Dimensions:
7 x 5 in 9.99 lb

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Related Subjects

History and Social Science » Exploration » General
History and Social Science » Geography » General
Reference » Science Reference » General
Reference » Science Reference » Meterorology
Travel » Travel Writing » Exploration
Young Adult » General

Cold: Adventures in the World's Frozen Places Used Hardcover
0 stars - 0 reviews
$9.95 In Stock
Product details 416 pages Little Brown and Company - English 9780316042918 Reviews:
"Publishers Weekly Review" by , "Cold weather systems the earth needs to thrive is the subject of Streever's well-documented book, using all of the author's expertise from his field trips to the world's most frigid environments. Streever, who chairs the North Slope Science Initiative's Science Technical Advisory Panel, writes of the frostiest experience: 'We fail to see cold for what it is: the absence of heat, the slowing of molecular motion, a sensation, a perception, a driving force.' Rather than giving the reader a dry, academic lecture on snow, glaciers, wind-chill factors and icebergs, he delivers a poetic, anecdotal narrative complete with polar expeditions, Ice Age mysteries, igloos, permafrost and hailstorms. Two of the most fascinating segments are the arduous task of scientific reconstruction of past climates and the magical navigation of migratory birds to warmer lands. This is a wonderful collection of one man's first-rate observations and commentary about the history and importance of cold to the earth and its occupants. (July)" Publishers Weekly (Copyright Reed Business Information, Inc.)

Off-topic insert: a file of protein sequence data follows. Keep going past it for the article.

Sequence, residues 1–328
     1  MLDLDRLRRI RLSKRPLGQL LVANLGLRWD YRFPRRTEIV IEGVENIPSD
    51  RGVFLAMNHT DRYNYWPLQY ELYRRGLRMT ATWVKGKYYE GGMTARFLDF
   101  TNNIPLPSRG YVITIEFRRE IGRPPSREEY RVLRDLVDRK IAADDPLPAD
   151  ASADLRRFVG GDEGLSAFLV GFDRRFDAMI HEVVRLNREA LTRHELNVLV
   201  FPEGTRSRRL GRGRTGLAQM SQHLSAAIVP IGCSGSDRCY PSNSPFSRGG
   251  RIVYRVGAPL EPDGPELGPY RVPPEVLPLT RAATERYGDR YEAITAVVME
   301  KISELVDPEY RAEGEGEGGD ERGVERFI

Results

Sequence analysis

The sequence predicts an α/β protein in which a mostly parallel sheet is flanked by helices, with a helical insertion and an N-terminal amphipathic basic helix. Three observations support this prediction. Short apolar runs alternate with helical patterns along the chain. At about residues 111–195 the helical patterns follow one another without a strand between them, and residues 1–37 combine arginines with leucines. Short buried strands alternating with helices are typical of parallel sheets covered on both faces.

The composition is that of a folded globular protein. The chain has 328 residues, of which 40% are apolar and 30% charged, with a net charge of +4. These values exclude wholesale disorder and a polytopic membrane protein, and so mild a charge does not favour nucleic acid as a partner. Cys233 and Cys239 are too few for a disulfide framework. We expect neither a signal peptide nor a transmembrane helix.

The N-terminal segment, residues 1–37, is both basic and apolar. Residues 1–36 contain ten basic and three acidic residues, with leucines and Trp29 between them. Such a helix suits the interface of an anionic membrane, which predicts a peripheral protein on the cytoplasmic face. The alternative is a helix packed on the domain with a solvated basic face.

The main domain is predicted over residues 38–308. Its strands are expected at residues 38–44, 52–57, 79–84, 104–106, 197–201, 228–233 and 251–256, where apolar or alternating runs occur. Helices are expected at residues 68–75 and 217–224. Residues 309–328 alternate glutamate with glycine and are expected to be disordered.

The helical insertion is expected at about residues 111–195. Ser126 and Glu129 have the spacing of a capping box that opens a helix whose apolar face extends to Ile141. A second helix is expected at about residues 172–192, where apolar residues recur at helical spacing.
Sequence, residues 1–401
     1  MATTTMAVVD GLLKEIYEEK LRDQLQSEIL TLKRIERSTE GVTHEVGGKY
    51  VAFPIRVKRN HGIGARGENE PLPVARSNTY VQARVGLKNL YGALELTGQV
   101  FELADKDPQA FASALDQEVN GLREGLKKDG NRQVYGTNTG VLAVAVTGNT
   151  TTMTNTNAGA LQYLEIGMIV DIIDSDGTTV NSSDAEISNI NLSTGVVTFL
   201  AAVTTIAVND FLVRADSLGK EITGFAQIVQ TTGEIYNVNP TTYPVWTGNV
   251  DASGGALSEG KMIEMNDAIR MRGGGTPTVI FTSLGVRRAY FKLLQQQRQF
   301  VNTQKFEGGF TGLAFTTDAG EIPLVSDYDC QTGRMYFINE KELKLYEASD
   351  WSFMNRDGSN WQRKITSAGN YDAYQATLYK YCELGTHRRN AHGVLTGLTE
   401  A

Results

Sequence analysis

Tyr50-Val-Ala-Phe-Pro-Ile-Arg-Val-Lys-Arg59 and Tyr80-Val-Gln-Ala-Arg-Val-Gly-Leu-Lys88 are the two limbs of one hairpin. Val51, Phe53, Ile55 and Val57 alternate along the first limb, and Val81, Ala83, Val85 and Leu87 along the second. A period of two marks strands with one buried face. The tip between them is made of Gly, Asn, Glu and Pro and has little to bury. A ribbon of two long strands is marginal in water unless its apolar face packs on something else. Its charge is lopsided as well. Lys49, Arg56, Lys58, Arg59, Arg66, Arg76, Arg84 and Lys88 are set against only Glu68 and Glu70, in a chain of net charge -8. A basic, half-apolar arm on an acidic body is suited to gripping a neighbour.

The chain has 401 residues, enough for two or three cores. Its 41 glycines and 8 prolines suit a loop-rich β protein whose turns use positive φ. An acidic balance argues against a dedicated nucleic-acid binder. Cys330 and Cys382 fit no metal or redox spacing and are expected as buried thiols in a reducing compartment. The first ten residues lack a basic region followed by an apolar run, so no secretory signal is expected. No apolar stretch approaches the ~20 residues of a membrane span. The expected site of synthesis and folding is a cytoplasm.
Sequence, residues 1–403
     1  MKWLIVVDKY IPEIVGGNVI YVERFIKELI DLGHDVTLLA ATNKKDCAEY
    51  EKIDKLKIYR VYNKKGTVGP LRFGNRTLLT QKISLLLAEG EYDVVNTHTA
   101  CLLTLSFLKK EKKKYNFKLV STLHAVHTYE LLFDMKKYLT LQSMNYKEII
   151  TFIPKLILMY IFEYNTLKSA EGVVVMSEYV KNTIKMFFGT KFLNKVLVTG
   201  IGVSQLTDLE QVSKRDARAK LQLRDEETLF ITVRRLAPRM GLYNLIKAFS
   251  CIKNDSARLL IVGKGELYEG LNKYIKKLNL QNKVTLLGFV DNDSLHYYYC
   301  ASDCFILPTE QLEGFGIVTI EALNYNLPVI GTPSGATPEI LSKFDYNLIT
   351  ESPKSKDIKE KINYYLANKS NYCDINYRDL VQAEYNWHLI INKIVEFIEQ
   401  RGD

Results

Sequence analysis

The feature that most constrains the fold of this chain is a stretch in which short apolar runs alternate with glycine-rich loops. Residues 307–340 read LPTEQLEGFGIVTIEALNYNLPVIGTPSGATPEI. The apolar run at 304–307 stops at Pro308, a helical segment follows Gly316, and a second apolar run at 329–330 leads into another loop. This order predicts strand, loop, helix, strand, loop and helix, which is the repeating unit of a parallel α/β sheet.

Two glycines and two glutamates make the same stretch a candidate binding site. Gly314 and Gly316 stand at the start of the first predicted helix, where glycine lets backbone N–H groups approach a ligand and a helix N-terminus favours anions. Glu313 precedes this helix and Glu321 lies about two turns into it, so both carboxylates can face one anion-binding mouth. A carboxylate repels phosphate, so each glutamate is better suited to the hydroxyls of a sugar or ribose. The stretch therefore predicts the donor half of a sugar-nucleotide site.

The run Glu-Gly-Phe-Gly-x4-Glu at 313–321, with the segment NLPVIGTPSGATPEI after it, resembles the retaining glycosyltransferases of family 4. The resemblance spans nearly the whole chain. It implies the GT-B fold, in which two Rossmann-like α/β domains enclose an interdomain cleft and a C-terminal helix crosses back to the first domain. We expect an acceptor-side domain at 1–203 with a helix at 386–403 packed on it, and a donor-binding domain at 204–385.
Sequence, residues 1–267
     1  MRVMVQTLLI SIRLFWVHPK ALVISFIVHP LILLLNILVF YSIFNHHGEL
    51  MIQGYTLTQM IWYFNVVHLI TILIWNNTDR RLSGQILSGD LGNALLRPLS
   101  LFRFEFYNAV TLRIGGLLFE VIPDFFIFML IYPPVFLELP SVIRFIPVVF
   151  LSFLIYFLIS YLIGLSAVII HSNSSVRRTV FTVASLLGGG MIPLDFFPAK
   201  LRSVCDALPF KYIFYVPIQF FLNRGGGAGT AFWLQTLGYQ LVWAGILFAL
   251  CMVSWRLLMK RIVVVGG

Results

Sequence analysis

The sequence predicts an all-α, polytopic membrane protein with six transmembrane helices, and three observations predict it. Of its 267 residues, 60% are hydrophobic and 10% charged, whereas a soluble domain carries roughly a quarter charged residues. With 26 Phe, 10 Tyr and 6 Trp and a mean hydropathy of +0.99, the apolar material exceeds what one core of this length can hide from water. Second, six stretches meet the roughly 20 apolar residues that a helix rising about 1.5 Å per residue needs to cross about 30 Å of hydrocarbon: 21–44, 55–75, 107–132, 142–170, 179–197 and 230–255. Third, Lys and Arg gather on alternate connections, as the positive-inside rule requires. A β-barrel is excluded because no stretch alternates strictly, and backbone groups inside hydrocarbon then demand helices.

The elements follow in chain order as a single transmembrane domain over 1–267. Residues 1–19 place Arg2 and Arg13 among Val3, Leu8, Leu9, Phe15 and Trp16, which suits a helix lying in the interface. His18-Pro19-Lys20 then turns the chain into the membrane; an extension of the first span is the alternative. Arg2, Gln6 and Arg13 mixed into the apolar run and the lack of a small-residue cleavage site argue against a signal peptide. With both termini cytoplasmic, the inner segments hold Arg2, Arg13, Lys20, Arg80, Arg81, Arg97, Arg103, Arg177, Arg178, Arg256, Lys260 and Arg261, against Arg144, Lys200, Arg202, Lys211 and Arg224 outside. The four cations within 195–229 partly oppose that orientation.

"Synopsis" by ,
Journeying to the most alien place on the planet, science writer Gabrielle Walkerand#160;presents aand#160;biography of Antarctica, weaving its history of explorationand#160;with the science currently being conducted there. Walker gives usand#160;glimpses at the marvelous creatures clinging to life above and below the ice, the international community drawn to an existence of extremes, the desolate stretches of surface that yield surprising information about life beyond our planet, and the crumbling ice shelves acting as global climate bellwethers.